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Thousands enjoy new blend of Brighton Field Day traditions

Alligator wrestler Pharaoh Gayles kisses the snout of his reptilian opponent during a Freestyle Alligator Wrestling Competition Feb. 13 at Field Day. Gayles is a regular alligator wrestler at the Miccosukee Indian Village in Trail.
Alligator wrestler Pharaoh Gayles kisses the snout of his reptilian opponent during a Freestyle Alligator Wrestling Competition Feb. 13 at Field Day. Gayles is a regular alligator wrestler at the Miccosukee Indian Village in Trail.

BRIGHTON — New features woven into a lineup of traditional events at the 78th annual Brighton Field Day extravaganza proved that as time brings change, the heart of the matter stays the same.

“Heck, 78 years ago families gathered under a few chickees for a big picnic with three-legged races and other field games. Prizes were few but now, like then, it was just about getting together and having a good time,” said Lewis Gopher, special assistant to Brighton Councilman Andrew J. Bowers Jr. and a coordinator of the latest Field Day on Feb. 12-14.

Attendance averaged 5,000 people per day for the event that evolved from a private Seminole picnic in 1938 to the current regional cultural festival.

Estelle Loud and her friends Tere Rancosett and Carmen Santo, all of Lake Worth, traveled 81 miles to attend what she called a “must do.”

“I love Native American art so whenever and wherever I can experience the culture I am there,” Loud said. Loud recalled her pre-retirement days when she worked in Michigan on several Iroquois and Onondaga museum projects.

Field Day celebrations kicked off earlier in the week with a two-night rodeo that launched the 2016 competitive season for the Indian National Finals Rodeo. The INFR championships will be held Nov. 8-12 in Las Vegas.

The Friday-through-Sunday Field Day schedule was packed starting daily with grand entry parades that showcased Native dancers throughout Indian Country, flag bearers and Tribe leaders. Shows featuring snakes, alligators, horses and bulls provided thrills. Food and merchandise vendors hawked fare from gator bites and swamp cabbage to crafts from hand-carved tomahawks, hand-beaded jewelry and hand-tooled leather bags.

“I’ve been coming since I was a child and every year it gets bigger and better. I love it every year just like the one before,” said Laverne Thomas, of Brighton, who competed in the first Seminole hair style contest.

Last year, organizers added horse racing to the excitement. The second consecutive races this year pitted Tribal citizens in revved up heats around a makeshift equestrian track. The race was followed by an Indian relay race starring three national award-winning tribal teams who compete bareback.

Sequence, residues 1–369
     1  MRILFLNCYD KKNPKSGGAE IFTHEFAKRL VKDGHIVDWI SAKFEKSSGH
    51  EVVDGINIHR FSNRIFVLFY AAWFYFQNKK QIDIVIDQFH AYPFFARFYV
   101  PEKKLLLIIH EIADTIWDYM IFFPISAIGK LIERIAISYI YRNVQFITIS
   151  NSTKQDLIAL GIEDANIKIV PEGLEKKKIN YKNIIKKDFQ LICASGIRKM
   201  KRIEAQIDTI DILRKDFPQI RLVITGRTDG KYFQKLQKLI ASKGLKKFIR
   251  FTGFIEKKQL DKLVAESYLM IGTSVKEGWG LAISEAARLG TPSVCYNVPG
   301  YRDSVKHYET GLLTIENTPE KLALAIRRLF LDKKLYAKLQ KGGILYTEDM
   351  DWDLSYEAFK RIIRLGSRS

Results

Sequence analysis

Brighton’s new high-tech amphitheater, complete with professional lighting and sound plus backstage dressing rooms, was christened with an entertainment roster that included hip-hop artist Supaman (Apsaalooke), the Osceola Brothers Band (Seminole) and country western singer Neal McCoy.

Some first-time Field Day attendees included alligator wrestlers in the Freestyle Alligator Wresting Competitions (FAWC). Emceed and facilitated by Seminole alligator wrestlers James Holt and Billy Walker, the competition at Fred Smith Rodeo Arena drew hundreds of spectators.

“Part of the excitement is always that rare chance that something really bad can happen. People sit on the edge of their seats holding their breath,” said alligator wrestler Daniel Beck, who worked at the Tribe’s Native Village until his arm was nearly severed during a show in 2012.

Tribal citizens from all over Florida attended the weekend festivities.

James Henry said he always enjoys coming back “home” to Brighton although he has been a Tampa resident for decades. This year he visited with his wife, Lilla; son Dakota; daughter-in-law Kelsey; and newborn grandson Kenzie.

“I come back to this spiritual place to talk to family and people I haven’t seen in a while. It opens my mind,” Henry said.

Because Tampa residents do not live together in a private community as in Hollywood or Fort Pierce, they are not tuned in daily to Seminole traditions, he said. Lilla Henry said the family’s disconnection makes Brighton Field Day an intensely sweet event.

“It’s more than a two-and-a-half-hour drive for frybread,” Lilla Henry said.

 

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